- Saudi Aramco's net income plunged to $23.2 billion in the first six months of the year, down by half from $46.9 billion over the same period in 2019.
- Saudi Arabia's majority state-owned oil company and the world's largest crude producer also maintained its second-quarter dividend of $18.75 billion, saying it will be paid in the third quarter.
- The financial results for the second quarter reflect the biggest shock to global energy markets in decades.
Oil giant Saudi Aramco reported a 50% fall in net income for the first half of its financial year, reflecting a devastating year for oil markets and the global economy at large as the world continues to battle the coronavirus pandemic.
In a release published Sunday, the company said net income plunged to $23.2 billion in the first six months of the year, down by half from $46.9 billion over the same period in 2019.
Saudi Arabia's majority state-owned oil company and the world's largest crude producer also maintained its second-quarter dividend of $18.75 billion, saying it will be paid in the third quarter. Its first-quarter dividend of the same amount was paid in the second quarter.
Total free cash flow at the company came in at $21.1 billion for the first half, down from $38 billion the year before.
The financial results for the second quarter reflect the biggest shock to global energy markets in decades.
"Strong headwinds from reduced demand and lower oil prices are reflected in our second quarter results," Aramco President and CEO Amin Nasser said in the release.
It was the first earnings press conference Saudi Aramco executives have held since the company went public in December, suggesting a maturation in efforts to build transparency at one of the world's biggest businesses.
Aramco said the result was hit by lower crude oil prices and declining refining and chemicals margins, owing to a historic halt in global economic activity and oil and product demand due to the coronavirus.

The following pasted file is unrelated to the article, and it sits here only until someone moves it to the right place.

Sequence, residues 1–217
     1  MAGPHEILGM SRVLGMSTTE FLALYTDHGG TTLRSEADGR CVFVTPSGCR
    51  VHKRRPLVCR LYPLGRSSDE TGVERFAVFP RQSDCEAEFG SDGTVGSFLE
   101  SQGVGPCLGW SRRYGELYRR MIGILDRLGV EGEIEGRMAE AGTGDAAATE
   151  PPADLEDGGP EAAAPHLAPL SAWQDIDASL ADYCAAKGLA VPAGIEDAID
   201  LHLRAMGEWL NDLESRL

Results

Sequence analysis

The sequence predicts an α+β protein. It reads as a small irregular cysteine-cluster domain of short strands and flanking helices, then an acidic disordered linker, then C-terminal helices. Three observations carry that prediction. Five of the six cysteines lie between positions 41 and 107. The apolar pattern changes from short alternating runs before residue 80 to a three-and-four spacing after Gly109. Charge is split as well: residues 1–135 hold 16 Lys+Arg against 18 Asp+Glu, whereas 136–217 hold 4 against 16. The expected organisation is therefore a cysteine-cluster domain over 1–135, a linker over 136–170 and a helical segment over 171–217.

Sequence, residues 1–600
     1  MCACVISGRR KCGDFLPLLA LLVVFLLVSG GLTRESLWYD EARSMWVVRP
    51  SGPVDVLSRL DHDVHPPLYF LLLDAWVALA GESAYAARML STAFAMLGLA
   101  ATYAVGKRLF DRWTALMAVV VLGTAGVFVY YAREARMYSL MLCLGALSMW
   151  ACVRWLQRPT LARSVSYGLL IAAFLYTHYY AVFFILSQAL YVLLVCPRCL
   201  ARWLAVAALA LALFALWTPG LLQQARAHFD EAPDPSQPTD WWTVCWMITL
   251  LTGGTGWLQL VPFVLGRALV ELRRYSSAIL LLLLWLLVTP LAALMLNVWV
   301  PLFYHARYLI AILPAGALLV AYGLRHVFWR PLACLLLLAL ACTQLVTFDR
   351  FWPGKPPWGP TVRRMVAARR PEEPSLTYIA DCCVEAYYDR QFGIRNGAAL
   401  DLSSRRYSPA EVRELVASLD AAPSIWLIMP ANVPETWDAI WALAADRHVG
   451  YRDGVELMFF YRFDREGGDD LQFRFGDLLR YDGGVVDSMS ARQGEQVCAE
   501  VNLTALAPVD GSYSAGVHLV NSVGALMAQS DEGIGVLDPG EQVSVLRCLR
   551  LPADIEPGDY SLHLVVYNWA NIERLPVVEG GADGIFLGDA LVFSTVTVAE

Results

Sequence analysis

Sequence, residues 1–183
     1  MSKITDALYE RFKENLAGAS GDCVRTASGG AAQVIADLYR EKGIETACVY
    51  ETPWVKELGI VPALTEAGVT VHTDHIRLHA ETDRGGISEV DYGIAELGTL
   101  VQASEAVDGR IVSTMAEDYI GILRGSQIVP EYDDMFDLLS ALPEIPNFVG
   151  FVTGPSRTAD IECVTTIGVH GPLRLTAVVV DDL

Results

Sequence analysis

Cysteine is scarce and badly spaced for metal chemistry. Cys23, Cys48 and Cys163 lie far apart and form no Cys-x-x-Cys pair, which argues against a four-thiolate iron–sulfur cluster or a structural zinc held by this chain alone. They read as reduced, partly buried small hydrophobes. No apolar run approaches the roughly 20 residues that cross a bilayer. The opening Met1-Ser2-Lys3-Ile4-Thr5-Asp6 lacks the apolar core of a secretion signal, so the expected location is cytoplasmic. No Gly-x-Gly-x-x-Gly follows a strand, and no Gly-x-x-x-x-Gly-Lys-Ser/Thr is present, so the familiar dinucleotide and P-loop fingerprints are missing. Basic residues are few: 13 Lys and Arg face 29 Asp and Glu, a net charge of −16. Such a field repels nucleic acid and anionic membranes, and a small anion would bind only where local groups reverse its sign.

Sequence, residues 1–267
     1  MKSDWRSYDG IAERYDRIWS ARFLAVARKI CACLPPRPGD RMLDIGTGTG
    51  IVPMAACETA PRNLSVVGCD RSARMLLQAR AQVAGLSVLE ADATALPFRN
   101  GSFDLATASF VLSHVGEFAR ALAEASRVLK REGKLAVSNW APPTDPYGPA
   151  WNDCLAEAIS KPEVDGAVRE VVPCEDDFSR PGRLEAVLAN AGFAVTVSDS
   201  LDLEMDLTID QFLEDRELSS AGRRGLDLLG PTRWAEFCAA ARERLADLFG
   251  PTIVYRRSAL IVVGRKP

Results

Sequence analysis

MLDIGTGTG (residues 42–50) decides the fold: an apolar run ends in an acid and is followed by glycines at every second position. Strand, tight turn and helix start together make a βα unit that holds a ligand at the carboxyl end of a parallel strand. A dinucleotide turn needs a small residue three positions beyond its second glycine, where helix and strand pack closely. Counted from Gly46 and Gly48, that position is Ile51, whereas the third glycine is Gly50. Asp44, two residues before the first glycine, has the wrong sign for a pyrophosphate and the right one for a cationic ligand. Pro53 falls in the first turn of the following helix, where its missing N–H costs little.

"The worst is likely behind us," Nasser told the earnings call. "We remain fairly positive about the long term demand for oil." Prices flipped into negative territory in April, and while the market has stabilized, Brent crude oil prices are still down more than 30 percent this year.
The latest earnings numbers come just a week after Aramco ceded its title as the world's largest listed company by market capitalization to Apple. Shares were largely unmoved on the news, trading up by 0.29% Sunday morning local time.
Despite continued global economic disruption and challenges facing the energy sector, Aramco declared a dividend of $18.75 billion for the second quarter, compared to $13.4 billion for the second quarter of 2019.
"This demonstrates Aramco's agility, strength and resilience across market cycles," Nasser added, defying analysts by maintaining the payout amid renewed suggestions that it could be scaled back. Rivals BP and Royal Dutch Shell have already slashed dividends amid the pandemic.
"Our intention is to pay $75 billion dollars, subject to board approval and depending on market conditions," Nasser said. "We have a strong balance sheet and we have a lot of flexible capital on our hands," he added.
Capital expenditure was $6.2 billion in the second quarter and $13.6 billion for the first half of 2020. That figure for last year's first half was $14.5 billion.
Aramco said it expects capital expenditure to be at the lower end of the $25 billion to $30 billion range for 2020, compared to $32.7 billion for 2019.
Big oil is combating historic market and operational challenges. The coronavirus has caused the biggest shock to global energy markets in decades, but executives at Aramco are optimistic on the recovery trajectory in the third quarter and beyond.
"We are seeing a partial recovery in the energy market as countries around the world take steps to ease restrictions and reboot their economies," Nasser added, but warned that the fall in energy demand sparked by the coronavirus would weigh on its full year earnings.
Some U.S and European firms have been forced to dramatically cut the value of oil assets and rethink price assumptions to combat a troubled global economy and shifting investor expectations. Smaller firms within the US shale industry have gone bust, weighed down by crippling debts and unable to stay viable in the current price environment.
Despite the concerns, analysts said Aramco was better prepared to weather market volatility, owing to its size and scale, its low cost of production and solid free cash flow generation in a weak oil price environment.
The result also comes after Aramco subsidiary, Saudi Basic Industries Corp (SABIC), reported a third straight quarterly loss last Thursday.